The 1870s

George Henry Thompson from Horsham in Surrey takes the opportunity to start a vegetable farm in Esher, selling to green grocers at London’s Borough Market. His descendents continue to run the business which is today known as Garsons.

Exceptionally consistent rain brings the wettest calendar year on record to England and Wales with 1,285mm (50.6 in) of rain beating the  previous record from 1768 by 38mm (1.5 in). The nearest record rain fall since is seen in 2012 with 1,244mm (49 in) and 2000 with 1,233 mm (48.5 in).

Work begins on the Natural History Museum under the superintendent of the natural history department of the British Museum, Richard Owen. The building is completed in 1880; the museum opens in 1881.

British explorer, Sir Henry Alexander Wickham brings seeds of the rubber tree (Hevea brasiliensis) from Brazil to Royal Botanic Gardens, Kew.

Edwin Hillier introduces the first Hillier-raised plant – Primula sinensis flore pleno ‘Annie Hillier’ which goes on to receive the Royal Horticultural Society’s First Class Certificate in 1880. The company goes on to raise more than 150 new plants including favourites Ceanothus ‘Blue Mound’, Cotinus ‘Grace’, Choisya ‘Aztec Pearl’, Sophora Sun King and Choisya ‘Aztec Gold’.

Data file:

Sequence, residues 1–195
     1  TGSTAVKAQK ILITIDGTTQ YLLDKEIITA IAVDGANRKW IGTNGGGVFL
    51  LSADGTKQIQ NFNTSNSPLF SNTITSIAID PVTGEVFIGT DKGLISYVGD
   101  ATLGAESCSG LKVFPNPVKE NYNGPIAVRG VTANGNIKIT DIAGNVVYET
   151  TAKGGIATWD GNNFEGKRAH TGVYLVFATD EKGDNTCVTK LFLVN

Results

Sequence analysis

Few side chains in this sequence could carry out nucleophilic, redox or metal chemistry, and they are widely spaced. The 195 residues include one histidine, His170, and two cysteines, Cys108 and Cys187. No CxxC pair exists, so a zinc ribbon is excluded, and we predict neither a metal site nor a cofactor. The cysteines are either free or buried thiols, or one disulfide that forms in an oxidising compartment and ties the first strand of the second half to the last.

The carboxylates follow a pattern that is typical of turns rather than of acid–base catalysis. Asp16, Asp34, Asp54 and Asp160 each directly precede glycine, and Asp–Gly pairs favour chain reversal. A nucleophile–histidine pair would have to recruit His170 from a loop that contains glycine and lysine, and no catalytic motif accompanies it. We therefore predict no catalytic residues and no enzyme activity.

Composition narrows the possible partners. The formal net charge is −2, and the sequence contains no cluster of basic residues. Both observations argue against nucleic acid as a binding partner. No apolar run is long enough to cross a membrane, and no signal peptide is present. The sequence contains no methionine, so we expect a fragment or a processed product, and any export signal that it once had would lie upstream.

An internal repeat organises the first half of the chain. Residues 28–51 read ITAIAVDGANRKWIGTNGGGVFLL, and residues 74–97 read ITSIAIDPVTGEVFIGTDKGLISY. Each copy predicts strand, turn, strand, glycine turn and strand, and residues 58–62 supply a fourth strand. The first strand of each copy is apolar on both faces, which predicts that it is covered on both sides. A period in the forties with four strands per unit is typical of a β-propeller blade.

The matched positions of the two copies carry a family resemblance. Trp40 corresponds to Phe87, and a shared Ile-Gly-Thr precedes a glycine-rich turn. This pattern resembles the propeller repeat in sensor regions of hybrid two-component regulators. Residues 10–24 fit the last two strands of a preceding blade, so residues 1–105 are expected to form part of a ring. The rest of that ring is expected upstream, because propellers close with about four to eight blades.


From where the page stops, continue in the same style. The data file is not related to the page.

A group of local horticultural enthusiasts hold the first Shrewsbury Flower Show, now the longest-running horticultural show in the world to have been held continuously in one location.

Experimental wild gardens are laid out by G F Wilson at Wisley from 1878 to 1902 before being acquired by the Royal Horticultural Society in 1903, and further enlarged and developed.

McBean’s nursery is launched and serves the Royal family with orchids for their homes and weddings.

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